The fallout of Lazio’s 3-1 victory over Milan on Saturday was unsurprisingly dominated by more talk of the Rossoneri’s shocking demise, although Philippe Mexes’ did his best to ensure this wasn’t the case. What’s more unsettling, perhaps, is how fallen giants remain the main topic of discussion in Italian football.
Take a look at other top flights across Europe, and you’ll see the media dedicating column inches to new teams entering the fore, while Italy can’t seem to break free from traditional hegemony. Alas, we should be celebrating Lazio’s efforts to shake things up, ironically led by a rather un-Italian Marco Parolo, who achieved an .
The Aquile made a statement of intent at the weekend. Milan had lost ‘just’ five times in Serie A before their trip to the Olimpico, once less than their hosts, but this would arguably be the Diavolo’s first defeat to a direct European qualification bbin注册自动送白菜rival, and the manner of their capitulation in the second half was for all to see.
Despite Jeremy Menez’s early goal, Lazio wasted no time in commanding control of the encounter, and they finally broke even shortly after the restart when Parolo made a lung-bursting dash into thehg外围 box and slammed home Miroslav Klose’s rasping cross on the volley.
Such finesse is not normally associated with the 30-year-old’s industrious game, but his final goal of the afternoon was the icing on the cake. Embarking on another late run into the box, Parolo showed both patience and composure to ready himself for Danilo Cataldi’s low cross and rifle it past Diego Lopez.
The midfielder’s story is one which should inspire all fledging young footballers. Not making his professional debut until 19 for then-Serie C1 Como, having dabbled in and out of youth teams, Parolo capped his maiden appearance with an own goal. Nonetheless, it was to be the start of a rapid rise to prominag在线棋牌ence.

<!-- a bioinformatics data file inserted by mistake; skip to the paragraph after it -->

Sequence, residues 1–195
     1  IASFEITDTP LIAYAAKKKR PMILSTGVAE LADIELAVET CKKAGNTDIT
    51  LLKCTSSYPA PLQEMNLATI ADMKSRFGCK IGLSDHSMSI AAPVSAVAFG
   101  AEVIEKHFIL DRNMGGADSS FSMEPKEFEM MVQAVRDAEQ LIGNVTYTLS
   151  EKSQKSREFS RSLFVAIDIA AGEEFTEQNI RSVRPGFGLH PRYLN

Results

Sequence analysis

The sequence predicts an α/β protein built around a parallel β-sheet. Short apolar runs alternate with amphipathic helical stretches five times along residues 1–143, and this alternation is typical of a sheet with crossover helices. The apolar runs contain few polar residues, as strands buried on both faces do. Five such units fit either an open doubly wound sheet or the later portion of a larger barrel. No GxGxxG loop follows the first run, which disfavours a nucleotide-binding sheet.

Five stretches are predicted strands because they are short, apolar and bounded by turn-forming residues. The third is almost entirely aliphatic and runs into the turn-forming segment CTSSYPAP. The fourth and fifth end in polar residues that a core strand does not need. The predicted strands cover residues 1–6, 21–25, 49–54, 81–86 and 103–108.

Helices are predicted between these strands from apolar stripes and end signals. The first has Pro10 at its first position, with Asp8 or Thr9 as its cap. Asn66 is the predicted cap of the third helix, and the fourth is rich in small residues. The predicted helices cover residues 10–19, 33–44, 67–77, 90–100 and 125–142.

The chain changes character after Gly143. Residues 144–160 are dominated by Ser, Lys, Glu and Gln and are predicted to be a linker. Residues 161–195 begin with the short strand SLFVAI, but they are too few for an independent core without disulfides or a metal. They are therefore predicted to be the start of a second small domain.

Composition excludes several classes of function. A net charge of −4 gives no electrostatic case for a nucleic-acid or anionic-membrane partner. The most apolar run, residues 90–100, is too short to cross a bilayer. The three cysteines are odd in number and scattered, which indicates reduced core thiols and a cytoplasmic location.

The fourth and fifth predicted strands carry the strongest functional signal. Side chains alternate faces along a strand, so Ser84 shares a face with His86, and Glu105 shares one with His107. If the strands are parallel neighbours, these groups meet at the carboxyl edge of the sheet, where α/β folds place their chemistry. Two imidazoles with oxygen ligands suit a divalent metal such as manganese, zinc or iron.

Further moves to esteemed third-tier sides Foligno, Pistoiese and – back then – Verona resulted in Cesena, coached by former mentor Pierpaolo Bisoli, snapping up the athletic performer, and his all-action displays heavily contributed to the Seahorses’ promotion and consolidation in Serie A at their first attempt.
International recognition with the Azzurri followed – most notably featuring at the 2014 World Cup – just as his 2012 move saw him form the spine of Roberto Donadoni’s Parma, along with Antonio Mirante, Gabriel Paletta and Antonio Cassano. Now at Lazio, the Ducali have crucially lacked Parolo’s legs this season.
Capable of playing anywhere in the middle of the park, Parolo’s intensive playing style has earned him comparisons with idol Steven Gerrard, but on the strength of his performance against Milan, he may be more akin to the Liverpool star’s English compatriot Frank Lampard, hence Chelsea’s reported interest in 2011.
That’s not to say that Parolo is bereft of technical quality, as seen in his ability to use both feet and spread the ball intuitively, but it’s his drive and determination which Lazio need more in their pursuit of the Champions League. Other than that, there aren’t many better ways to celebrate turning 30.